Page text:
Computer Laboratory

Course pages 2014–15

Data Centric Systems and Networking

Principal lecturer: Dr Eiko Yoneki
Taken by: MPhil ACS, Part III
Code: R212
Hours: 16 (Eight 2-hour seminar sessions (combination of lectures and reading club))
Class limit: 17 students
Prerequisites: An undergraduate network architectures course

Aims

This module provides an introduction to data centric systems and networking, where data is a token in programming flow and networking and its impact on the computer system's architecture. Large-scale distributed applications with big data processing will grow ever more in importance and become a pervasive aspect of the lives of millions of users. Supporting the design and implementation of robust, secure, and heterogeneous large-scale distributed systems is essential.

Syllabus

This course provides various perspectives on data centric systems and networking, including content-based routing, data-flow programming, stream processing, and large-scale graph data processing, thus providing a solid basis to work on the next generation of distributed systems and communication paradigms.

The module consists of 8 sessions, with 5 sessions on specific aspects of data-centric systems and networking research. Each session discusses 2-3 papers, led by the assigned students. One session is a hands-on tutorial on MapReduce using data flow programming with Amazon EC2. The 1st session advises on how to read/review a paper together with a brief introduction of different perspectives in data-centric systems. The last session is dedicated to the presentation of the open-source project studies presented by the students. One guest lecture is planned, covering inspiring current research on stream processing systems.

  1. Introduction to Data Centric Systems and Networking 
  2. Content-Centric Networking (CCN) and Content Distribution Networks (CDN) 
  3. Programming in Data Centric Environment
  4. MapReduce Hands-on Tutorial using CIEL with Amazon EC2   
  5. Stream Data Processing and Data/Query Model  
  6. Large-scale Graph Structured Data: Network, Storage, and Parallel Processing 
  7. Network holds Data in Delay Tolerant Networks  
  8. Presentation of Open Source Project Study

Objectives

On completion of this module, students should:

  • Understand key concepts of data centric approaches in future networking and systems.
  • Obtain a clear understanding of building distributed systems using data centric programming and large-scale data processing.

Coursework

Reading Club:

  • The reading club will involve 1-3 papers every week. At each session, around 2-3 papers are selected under the given topic, and the students present their review work.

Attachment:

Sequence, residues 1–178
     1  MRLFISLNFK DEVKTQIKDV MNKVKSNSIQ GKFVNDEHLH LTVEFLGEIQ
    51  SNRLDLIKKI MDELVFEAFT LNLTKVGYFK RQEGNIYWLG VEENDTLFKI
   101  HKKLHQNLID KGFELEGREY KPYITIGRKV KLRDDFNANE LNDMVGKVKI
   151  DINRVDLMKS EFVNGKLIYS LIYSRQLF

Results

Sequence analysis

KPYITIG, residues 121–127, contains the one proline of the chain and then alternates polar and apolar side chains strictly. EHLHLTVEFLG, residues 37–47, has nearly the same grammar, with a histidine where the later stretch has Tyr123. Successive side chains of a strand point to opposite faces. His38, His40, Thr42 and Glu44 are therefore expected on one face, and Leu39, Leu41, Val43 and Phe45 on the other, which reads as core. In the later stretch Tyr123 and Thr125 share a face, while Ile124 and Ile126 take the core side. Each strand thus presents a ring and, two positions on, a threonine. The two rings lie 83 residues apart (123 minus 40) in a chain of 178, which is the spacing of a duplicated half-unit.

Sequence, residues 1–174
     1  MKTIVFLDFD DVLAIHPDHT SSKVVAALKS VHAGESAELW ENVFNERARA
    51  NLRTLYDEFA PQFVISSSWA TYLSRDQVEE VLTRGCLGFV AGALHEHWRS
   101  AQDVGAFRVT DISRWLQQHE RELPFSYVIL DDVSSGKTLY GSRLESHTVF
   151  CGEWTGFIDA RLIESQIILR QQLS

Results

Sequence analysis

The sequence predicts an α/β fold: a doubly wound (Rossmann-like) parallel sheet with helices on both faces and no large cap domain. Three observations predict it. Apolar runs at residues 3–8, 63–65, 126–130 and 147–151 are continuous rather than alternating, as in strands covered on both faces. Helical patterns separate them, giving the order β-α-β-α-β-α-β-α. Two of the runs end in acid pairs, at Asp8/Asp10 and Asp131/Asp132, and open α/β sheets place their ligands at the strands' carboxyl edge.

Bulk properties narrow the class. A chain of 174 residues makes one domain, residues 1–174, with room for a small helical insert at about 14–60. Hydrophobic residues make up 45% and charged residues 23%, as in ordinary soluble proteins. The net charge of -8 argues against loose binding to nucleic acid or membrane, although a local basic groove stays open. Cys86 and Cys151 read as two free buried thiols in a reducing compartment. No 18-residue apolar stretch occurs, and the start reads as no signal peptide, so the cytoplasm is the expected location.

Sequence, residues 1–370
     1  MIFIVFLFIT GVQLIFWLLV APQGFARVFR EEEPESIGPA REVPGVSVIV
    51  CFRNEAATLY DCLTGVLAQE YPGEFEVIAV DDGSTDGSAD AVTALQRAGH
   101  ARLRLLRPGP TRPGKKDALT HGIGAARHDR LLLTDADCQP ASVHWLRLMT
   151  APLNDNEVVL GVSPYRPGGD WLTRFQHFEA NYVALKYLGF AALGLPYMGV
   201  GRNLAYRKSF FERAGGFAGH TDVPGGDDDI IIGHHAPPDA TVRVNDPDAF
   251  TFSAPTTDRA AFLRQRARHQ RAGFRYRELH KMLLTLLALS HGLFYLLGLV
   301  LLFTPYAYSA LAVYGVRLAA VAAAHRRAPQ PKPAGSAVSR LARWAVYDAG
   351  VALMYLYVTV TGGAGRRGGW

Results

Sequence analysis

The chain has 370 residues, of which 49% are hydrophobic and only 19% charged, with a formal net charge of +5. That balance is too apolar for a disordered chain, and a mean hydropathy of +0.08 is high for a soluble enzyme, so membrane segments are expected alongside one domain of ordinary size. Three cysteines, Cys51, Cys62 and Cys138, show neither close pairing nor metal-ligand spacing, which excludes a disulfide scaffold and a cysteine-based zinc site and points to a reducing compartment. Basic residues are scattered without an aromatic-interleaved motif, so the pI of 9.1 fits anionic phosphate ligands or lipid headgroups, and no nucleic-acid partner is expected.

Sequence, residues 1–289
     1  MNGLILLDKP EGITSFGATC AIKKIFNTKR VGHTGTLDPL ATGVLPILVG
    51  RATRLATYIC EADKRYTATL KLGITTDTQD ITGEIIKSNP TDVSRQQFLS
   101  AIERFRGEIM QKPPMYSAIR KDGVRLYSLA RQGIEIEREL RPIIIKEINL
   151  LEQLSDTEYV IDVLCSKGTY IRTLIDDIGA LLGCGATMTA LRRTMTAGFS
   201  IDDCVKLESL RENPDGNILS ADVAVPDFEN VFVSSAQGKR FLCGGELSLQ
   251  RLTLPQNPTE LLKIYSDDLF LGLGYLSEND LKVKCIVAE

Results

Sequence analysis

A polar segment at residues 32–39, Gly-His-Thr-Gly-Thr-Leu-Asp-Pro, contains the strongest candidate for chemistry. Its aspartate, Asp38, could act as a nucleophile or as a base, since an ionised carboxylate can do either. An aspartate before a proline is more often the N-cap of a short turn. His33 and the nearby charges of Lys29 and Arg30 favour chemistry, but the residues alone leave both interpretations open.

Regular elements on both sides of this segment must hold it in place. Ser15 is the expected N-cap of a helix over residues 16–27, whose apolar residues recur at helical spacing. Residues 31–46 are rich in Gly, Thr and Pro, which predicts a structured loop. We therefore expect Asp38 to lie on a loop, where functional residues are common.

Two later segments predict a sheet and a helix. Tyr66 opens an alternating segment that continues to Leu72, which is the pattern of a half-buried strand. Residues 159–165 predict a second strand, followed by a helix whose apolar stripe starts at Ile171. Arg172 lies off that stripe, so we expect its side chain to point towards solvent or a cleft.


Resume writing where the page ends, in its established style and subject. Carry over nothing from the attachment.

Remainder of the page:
• Hands-on tutorial session of MapReduce parallel computing using CIEL data flow programming with Amazon EC2, including writing an application of processing streaming in Twitter data.

Reports:

The following three reports are required, which could be extended from the assignment of the reading club or a different one within the scope of data centric systems and networking.

  1. Review report on a full length of paper (max 1800 words)
    • Describe the contribution of the paper in depth with criticisms
    • Crystallise the significant novelty in contrast to other related work
    • Suggestions for future work
  2. Survey report on sub-topic in data centric networking (max 2000 words)
    • Pick up to 5 papers as core papers in the survey scope
    • Read the above and expand reading through related work
    • Comprehend the view and finish an own survey paper
  3. Project study and exploration of a prototype (max 2500 words)
    • What is the significance of the project in the research domain?
    • Compare with similar and succeeding projects
    • Demonstrate the project by exploring its prototype

The reports 1 and 2 should be handed in by the end of 5th week and 7th week of the course (not in any particular order). The report 3 should be handed in by the end of the Lent term.

Assessment

The final grade for the course will be provided as a percentage, and the assessment will consist of two parts:

  1. 20%: for reading club (participation, presentation)
  2. 80%: for the three reports:
    • 20%: Intensive review report
    • 25%: Survey report
    • 35%: Project study

Recommended reading

[1] Malewicz, G., Austern, M., Bik, A., Dehnert, J., Horn, I., Leiser, N. & G. Czajkowski: Pregel: A System for Large-Scale Graph Processing, SIGMOD, 2010.
[2] Jacobson, V., Smetters, D.K., Thornton, J.D., Plass, M.F., Briggs, N.H., & R.L. Braynard: Networking named content, CoNEXT, 2009.
[3] Bhatotia, P., Wieder, A., Rodrigues, R., Acar, A., Pasquini A: Incoop: MapReduce for incremental computation, ACM SOCC, 2011.
[4] Hong, S., Chafi, H., Sedlar, E., Olukotun, K.: Green-Marl: A DSL for Easy and Efficient Graph Analysis, ASPLOS, 2012.
[5] E. Zeitler and T.Risch: Massive scale-out of expensive continuous queries, VLDB, 2011.
[6] A. Kyrola and G. Blelloch: Graphchi: Large-scale graph computation on just a PC, OSDI, 2012. 
[7] D. Murray, F. McSherry, R. Isaacs, M. Isard, P. Barham, M. Abadi: Naiad: A Timely Dataflow System, SOSP, 2013. 
[8] J. E. Gonzalez, Y. Low, H. Gu, D. Bickson, and C. Guestrin: Powergraph: distributed graph-parallel computation on natural
graphs. OSDI, 2012.

A complete list can be found on the course material web page. See also 2013-2014 course material web page:  http://www.cl.cam.ac.uk/~ey204/teaching/ACS/R212_2013_2014.